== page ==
Scottish National Dictionary (1700–)

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DIN, adj. Sc. form of Eng. dun, of a dingy colour, mouse-coloured. In Mod.Eng. gen. used of animals but in Sc. also of persons = dark-complexioned, sallow. Gen. (exc. I.) Sc. Also used as n. as in Eng. = dun colour, a dun-coloured horse. Also †dinn. Sc. a.1876  Twa Sisters in Ballads (ed. Child 1882) I. No. 10M. x.:
But ye was fair and I was din.
Sc. 1936  J. G. Horne Flooer o' the Ling 33:
On sic a dour Din-grey December day.
Abd. 1768  A. Ross Helenore 123:
Her face was smear'd wi' some din colour'd gree.
Ags. 1912–19  Rymour Club Misc. II. 124:
The sixth pair they are twa dins.
wm.Sc. 1868  Laird of Logan 81:
Your ain man, waesucks, is nae great pennyworth; the skin o' him as din as a withered dockan.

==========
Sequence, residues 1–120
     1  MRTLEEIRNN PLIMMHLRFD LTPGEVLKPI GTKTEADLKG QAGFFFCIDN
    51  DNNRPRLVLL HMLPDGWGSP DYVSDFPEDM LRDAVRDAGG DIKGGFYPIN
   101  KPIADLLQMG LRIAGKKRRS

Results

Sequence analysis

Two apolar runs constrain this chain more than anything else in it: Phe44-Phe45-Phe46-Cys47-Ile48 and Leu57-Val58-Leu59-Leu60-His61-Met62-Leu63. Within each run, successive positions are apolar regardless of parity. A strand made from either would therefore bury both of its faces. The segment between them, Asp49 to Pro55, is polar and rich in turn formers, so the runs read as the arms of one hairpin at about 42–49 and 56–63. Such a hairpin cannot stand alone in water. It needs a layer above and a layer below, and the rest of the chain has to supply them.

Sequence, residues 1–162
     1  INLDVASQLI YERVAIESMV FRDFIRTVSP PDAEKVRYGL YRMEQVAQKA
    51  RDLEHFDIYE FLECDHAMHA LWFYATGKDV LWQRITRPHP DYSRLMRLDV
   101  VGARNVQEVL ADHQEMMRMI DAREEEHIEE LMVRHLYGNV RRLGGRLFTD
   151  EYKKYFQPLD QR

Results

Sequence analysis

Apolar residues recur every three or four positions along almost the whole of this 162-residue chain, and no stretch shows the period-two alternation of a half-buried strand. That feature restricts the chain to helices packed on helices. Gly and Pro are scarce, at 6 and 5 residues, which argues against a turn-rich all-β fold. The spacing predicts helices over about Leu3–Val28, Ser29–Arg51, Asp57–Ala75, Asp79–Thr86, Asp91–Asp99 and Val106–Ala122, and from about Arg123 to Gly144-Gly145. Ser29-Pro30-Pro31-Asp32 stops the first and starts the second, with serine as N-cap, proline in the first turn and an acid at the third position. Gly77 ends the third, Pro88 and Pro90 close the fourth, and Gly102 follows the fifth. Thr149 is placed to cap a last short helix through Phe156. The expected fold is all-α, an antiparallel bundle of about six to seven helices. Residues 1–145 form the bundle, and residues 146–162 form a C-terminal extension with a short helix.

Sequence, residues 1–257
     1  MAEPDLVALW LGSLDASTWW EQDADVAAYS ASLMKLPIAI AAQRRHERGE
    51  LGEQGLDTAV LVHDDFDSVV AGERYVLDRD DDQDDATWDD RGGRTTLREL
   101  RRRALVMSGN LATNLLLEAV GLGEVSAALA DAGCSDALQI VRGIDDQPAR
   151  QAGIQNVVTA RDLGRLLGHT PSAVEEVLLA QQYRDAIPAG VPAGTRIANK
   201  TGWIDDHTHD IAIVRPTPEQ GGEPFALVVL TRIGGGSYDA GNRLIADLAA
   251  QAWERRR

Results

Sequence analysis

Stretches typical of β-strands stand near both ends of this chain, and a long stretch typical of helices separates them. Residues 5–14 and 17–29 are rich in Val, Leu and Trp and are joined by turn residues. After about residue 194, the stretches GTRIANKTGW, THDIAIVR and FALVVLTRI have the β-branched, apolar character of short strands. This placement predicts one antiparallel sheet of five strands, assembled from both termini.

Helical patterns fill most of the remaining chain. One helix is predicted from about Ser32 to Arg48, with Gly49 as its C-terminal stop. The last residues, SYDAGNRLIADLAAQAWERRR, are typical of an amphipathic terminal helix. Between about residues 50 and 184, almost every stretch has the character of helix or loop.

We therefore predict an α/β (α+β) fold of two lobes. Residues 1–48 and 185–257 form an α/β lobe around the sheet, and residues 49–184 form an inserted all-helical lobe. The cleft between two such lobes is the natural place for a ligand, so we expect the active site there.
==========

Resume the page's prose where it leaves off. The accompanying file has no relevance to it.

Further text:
Rnf. 1721  W. Hector Judicial Rec. (1876–78) II. 117:
The said compleaner . . . had belonging to him ane dinn gray horse.
Ayr. a.1796  Burns Tarbolton Lasses (Cent. ed.) iii.:
She's dour and din, a deil within, But aiblins she may please ye.
Kcb. 1814  W. Nicholson Tales 87:
Thy belly's but a dirty din.
Slk. 1829  Hogg Shepherd's Cal. II. 207:
Poor Will o' Phaup . . . wi' his din sark and his cloutit breeks.

Hence 1. dinness, sallowness, darkness (Cai.7, Bnff.2 1940); 2. dinnish, adj., rather dun-coloured; 3. din-skinned, sallow-complexioned (Cai.7 1940; Abd.27 1948). 1. Gall. 1824  MacTaggart Gallov. Encycl. 172:
“It's a mercy dinness is na sair,” quoth an eminent wit to a certain auld Lucky who had the Ethiopian's skin.
2. Sc. 1720  Caled. Mercury (Nov. 14):
A whitish gray Colour'd Horse, pretty white all over, inclining a little to the Dinnish about the Hips.

[O.Sc. has din, of a dull or dingy colour, from 1513, variant of earlier dun. For change of vowel, see P.L.D. § 60.1.]

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"Din adj.". Dictionary of the Scots Language. 2004. Scottish Language Dictionaries Ltd. Accessed 20 Jun 2019 <>



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